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14 May 2018

By CHRIS JOHNSON

Bluesman Robert Cray is currently touring Australia with his band. He is not so well known in the mainstream these days, but he retains a dedicated following of diehard blues fans. I’m one of them and after booking my ticket, I got to thinking about how influential one of his albums from the 80s was to popular music.

So many blues LPs have been cut-through albums for me, but if I had to name a standout it would certainly be Robert Cray’s 1986 offering Strong Persuader.

While the 60s saw white boys from Britain produce some outstanding blues recordings (and also drag their black delta blues heroes out of obscurity), by the end of the next decade the music was largely returned to its own niche genre.

The 80s soared with legendary blues rockers – Stevie Ray Vaughan, Jeff Healy, Johnny Winter, George Thorogood, to name just a few.

But then Robert Cray came along with his fifth studio album Strong Persuader and suddenly the blues was (for another sweet season) mainstream music once again.

Remember, its release was the best part of two years before B.B. King joined forces with U2 to record the massive hit When Love Comes to Town.

B.B. King was by then an extremely well-known blues musician and collaborating with what was the biggest band on earth at the time, brought the blues to a wider audience.

But it was Robert Cray who reminded the world how cool the blues is. At the same time, he gave it a fresh and contemporary treatment which all added up to a recipe for success.

It is easy to see why Strong Persuader was such a huge international hit. It went two times platinum in the US and platinum in Australia alone.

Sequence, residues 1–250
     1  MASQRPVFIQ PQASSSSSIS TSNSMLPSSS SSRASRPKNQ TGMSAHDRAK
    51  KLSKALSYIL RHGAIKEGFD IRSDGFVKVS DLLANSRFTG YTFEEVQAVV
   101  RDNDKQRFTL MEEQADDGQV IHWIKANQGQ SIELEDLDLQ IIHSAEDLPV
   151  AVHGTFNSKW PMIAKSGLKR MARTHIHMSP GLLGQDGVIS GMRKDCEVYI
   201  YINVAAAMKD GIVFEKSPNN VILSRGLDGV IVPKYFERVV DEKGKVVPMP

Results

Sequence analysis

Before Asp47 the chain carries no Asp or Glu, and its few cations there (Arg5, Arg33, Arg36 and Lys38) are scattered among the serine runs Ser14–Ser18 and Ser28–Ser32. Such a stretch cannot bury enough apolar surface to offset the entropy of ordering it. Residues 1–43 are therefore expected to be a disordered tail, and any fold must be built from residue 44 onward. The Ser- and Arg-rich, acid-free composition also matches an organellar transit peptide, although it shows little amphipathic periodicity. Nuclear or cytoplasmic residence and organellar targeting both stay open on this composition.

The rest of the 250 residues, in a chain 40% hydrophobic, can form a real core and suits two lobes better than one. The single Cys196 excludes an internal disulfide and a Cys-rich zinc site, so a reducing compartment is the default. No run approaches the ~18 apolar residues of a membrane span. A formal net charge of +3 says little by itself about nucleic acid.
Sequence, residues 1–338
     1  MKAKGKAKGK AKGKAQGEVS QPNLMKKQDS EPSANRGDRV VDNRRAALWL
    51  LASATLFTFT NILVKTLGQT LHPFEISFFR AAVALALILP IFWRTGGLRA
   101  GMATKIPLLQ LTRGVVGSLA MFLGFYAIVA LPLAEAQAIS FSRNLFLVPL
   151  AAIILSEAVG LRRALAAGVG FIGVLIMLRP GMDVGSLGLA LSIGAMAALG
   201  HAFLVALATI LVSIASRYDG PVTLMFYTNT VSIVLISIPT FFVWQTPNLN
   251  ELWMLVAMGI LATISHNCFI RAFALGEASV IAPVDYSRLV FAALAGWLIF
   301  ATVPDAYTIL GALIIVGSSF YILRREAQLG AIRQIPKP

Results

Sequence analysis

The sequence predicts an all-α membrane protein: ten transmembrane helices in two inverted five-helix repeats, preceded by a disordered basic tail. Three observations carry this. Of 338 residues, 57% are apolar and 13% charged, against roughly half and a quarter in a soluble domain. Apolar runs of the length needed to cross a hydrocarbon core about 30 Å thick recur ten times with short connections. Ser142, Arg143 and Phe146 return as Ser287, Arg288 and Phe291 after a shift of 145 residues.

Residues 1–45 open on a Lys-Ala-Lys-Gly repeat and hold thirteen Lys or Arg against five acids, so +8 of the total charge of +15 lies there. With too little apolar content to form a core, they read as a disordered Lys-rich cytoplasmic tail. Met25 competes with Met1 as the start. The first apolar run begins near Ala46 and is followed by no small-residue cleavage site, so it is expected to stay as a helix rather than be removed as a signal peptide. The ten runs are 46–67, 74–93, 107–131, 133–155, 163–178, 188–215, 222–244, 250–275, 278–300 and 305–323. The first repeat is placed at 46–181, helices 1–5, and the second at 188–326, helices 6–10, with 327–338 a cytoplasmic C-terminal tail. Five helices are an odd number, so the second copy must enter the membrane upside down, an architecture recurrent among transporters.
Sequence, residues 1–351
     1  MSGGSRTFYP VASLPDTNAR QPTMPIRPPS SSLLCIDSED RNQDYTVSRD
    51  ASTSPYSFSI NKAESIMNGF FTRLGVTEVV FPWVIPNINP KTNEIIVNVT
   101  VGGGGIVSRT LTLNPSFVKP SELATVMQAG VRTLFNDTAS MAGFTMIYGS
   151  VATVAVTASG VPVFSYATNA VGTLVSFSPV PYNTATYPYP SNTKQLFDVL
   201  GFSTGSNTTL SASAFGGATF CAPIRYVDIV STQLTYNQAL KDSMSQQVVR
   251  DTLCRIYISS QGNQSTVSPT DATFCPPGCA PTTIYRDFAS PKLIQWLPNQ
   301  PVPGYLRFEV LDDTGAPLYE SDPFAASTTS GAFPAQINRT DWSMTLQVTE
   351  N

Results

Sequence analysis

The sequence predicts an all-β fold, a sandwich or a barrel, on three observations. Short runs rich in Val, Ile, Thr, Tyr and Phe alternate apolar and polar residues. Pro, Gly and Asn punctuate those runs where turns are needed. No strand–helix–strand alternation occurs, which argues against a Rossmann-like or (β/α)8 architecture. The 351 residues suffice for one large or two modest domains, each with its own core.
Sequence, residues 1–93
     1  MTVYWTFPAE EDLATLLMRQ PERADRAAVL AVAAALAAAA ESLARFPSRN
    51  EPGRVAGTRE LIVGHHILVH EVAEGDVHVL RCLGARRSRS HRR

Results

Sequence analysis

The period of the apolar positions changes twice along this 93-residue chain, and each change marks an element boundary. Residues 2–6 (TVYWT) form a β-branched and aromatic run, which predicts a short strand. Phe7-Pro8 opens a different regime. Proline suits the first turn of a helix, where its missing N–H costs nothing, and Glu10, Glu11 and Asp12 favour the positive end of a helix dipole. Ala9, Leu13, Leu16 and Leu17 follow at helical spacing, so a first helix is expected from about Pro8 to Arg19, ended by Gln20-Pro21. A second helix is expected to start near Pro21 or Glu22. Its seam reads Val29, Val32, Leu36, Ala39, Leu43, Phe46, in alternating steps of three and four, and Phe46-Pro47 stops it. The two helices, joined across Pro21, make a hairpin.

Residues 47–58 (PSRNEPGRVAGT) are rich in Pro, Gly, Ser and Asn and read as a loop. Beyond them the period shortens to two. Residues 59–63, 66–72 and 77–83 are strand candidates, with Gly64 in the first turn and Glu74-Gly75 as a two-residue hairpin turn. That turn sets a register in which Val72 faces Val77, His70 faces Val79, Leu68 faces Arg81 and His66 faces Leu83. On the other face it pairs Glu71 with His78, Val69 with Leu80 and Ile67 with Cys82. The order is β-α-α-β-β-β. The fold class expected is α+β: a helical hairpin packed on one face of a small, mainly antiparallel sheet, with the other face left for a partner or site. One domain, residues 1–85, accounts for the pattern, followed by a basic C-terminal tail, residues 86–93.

This LP is contagious. The song writing is nothing short of brilliant and the performance outstanding.

One single from it Right Next Door (Because of Me), which gave the album its name, is wickedly clever. A young Bob beating himself up as he sits alone in a hotel room listening to a couple breaking up in the next room: “It’s because of me. It’s because of me. She was right next door and I’m such a strong persuader.”

I Guess I Showed Her, another single from the album, is bitter sarcastic denial at its best: “Room 16 ain’t got no view, but the hot plate’s brand new. I guess I showed her.” And ending with: “Now she can have the house, and she can keep the car. I’m just satisfied staying in this funky little motel….. I’m so mad…”

The biggest hit from the album was Smoking Gun, another suspicious-cheating-on-me number that borders on the paranoid. The same goes for the excellent Foul Play: “Her old boss quit two months ago. She came home all smiles that day. She says they hired a younger man. But I suspect foul play.”

The other non-single tracks were all just as good –Nothing But a Woman, I Wonder, New Blood, Fantasized, More Than I Can Stand, and Still Around: “Did my best to love you, now do your best to leave.”

The album is full of songs about love, sex, infidelity, hooking up and breaking up – just what we want from a blues album.

As wonderful as the lyrics are on every one of the songs (and Cray didn’t pen them all himself), the instrumentation excels. I read in an interview somewhere Cray saying he doesn’t go much for effects on his guitar. There is classy brass and keyboards throughout the album, but it is Cray’s clean Stratocaster sound that shines on every track. He certainly knows his way around a fret board. And wow, can he sing!

I saw Cray and his band play the album live not long after its release. It was mesmerising. I have seen him a number of times since. The guy has charisma on record and on stage.

This album deserves its place high up on the list of blues classics, but also as one of the best albums of any popular music genre.

I couldn’t stop playing it back in the day and I still take the vinyl out of its sleeve on a regular basis for a good workout under the needle.

 

 


Published: 14 May 2018